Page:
Given the U.S. interest in promoting economic growth in impoverished nations and the need for “investment and political will,” the logical response of our representatives before the world would be to promote the plans that make achievement of the goals possible. Sure, there might be disputes about the means necessary to achieve the ends -- but that’s where diplomacy comes in.

Instead of providing leadership, however, John Bolton offered 750 last-minute amendments to the 39-page document that was to be the focal point of the summit. Rather than call for the elimination of child labor, for example, Bolton suggests eliminating “the worst forms” of the practice. He demanded elimination of a phrase stating that “the use of force should be considered as an instrument of last resort” (so much for the idea that Catholic teaching has had a substantial impact on this administration’s policies). And the idea that wealthy nations should spend .7 percent of their gross domestic product on development assistance was rejected by Bolton.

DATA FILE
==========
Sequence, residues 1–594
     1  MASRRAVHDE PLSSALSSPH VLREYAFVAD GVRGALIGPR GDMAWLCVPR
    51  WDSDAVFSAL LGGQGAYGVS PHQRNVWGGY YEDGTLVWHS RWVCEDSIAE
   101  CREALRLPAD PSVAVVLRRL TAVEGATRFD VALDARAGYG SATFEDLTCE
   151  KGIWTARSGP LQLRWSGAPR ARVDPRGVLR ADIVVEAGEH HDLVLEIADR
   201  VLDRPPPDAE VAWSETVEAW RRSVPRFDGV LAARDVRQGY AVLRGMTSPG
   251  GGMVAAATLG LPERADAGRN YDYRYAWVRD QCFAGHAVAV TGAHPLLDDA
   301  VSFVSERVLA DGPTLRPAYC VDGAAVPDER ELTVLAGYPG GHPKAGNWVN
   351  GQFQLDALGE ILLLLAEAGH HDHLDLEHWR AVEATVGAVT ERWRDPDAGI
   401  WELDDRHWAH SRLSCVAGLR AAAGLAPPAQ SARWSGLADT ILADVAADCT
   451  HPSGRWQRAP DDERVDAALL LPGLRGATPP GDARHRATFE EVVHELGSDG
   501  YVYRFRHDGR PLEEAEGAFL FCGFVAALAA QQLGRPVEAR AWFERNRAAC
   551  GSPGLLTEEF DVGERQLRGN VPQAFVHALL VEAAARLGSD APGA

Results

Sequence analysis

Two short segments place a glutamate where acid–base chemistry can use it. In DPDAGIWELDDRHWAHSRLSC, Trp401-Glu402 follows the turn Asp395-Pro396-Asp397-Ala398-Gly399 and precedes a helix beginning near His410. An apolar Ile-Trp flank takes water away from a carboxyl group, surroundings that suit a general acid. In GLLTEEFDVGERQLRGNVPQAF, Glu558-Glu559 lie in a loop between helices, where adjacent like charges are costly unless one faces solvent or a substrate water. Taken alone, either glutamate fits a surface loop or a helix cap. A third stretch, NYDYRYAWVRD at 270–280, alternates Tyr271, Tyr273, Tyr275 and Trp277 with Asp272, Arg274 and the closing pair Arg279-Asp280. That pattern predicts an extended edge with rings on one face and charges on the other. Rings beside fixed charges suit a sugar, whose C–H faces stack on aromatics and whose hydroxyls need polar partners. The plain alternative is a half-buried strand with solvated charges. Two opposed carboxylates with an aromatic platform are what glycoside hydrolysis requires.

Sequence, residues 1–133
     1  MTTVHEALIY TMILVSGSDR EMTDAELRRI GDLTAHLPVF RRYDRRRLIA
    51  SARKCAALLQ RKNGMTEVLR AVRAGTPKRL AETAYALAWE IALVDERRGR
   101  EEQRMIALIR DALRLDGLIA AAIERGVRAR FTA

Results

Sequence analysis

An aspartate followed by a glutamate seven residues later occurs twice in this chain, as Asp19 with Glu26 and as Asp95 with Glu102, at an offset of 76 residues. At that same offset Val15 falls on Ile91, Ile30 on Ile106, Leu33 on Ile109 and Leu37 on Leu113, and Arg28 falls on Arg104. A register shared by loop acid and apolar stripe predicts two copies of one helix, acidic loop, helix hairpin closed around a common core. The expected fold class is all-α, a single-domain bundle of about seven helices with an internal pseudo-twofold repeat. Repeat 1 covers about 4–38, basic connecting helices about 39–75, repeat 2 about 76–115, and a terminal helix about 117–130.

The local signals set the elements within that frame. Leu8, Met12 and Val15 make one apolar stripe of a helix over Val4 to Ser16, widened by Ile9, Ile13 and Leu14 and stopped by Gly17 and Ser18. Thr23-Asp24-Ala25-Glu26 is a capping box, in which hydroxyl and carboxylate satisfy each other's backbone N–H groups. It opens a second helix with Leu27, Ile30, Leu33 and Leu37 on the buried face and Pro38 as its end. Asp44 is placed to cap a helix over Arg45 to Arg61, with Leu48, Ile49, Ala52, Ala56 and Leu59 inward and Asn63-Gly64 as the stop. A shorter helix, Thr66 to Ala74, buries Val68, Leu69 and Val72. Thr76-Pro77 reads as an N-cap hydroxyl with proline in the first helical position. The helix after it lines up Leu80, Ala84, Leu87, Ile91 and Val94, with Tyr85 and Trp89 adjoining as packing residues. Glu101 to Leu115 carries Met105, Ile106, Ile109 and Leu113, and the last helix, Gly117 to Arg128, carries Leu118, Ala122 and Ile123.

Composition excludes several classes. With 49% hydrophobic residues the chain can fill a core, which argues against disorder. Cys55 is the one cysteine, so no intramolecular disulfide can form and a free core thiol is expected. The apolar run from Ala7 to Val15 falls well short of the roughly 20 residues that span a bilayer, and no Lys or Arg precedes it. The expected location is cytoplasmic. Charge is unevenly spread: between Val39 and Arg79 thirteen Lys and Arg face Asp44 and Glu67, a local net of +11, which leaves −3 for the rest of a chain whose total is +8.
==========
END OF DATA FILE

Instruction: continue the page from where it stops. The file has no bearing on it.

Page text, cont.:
And so on and so on.

Where we need leadership, we get obstruction, belligerence and bullying.

Meanwhile, on the home front, the Census Bureau reported Aug. 30 that an additional 1.1 million Americans joined the ranks of the officially poor in 2004. A total of 12.7 percent of all Americans live below the federal poverty threshold. The biggest jump in the poverty rate came among non-Hispanic whites, 8.6 percent of whom live below the poverty line. Nearly one-quarter of African-American households and more than 20 percent of Hispanic households are deemed poor.

Nearly 46 million Americans have no health insurance, up more than 4 million since Bush took office in January 2001.

In every year of the Bush presidency, the number of Americans in poverty has risen and the number of uninsured has increased.